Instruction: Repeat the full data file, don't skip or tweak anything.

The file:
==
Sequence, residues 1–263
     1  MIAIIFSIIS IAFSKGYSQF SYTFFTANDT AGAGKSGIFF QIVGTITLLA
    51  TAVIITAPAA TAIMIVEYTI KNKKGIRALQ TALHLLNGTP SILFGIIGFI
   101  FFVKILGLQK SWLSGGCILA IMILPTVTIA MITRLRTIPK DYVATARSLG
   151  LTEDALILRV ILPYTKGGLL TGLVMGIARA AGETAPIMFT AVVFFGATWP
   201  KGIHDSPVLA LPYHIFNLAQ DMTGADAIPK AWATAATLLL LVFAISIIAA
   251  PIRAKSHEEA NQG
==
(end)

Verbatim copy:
Sequence, residues 1–263
     1  MIAIIFSIIS IAFSKGYSQF SYTFFTANDT AGAGKSGIFF QIVGTITLLA
    51  TAVIITAPAA TAIMIVEYTI KNKKGIRALQ TALHLLNGTP SILFGIIGFI
   101  FFVKILGLQK SWLSGGCILA IMILPTVTIA MITRLRTIPK DYVATARSLG
   151  LTEDALILRV ILPYTKGGLL TGLVMGIARA AGETAPIMFT AVVFFGATWP
   201  KGIHDSPVLA LPYHIFNLAQ DMTGADAIPK AWATAATLLL LVFAISIIAA
   251  PIRAKSHEEA NQG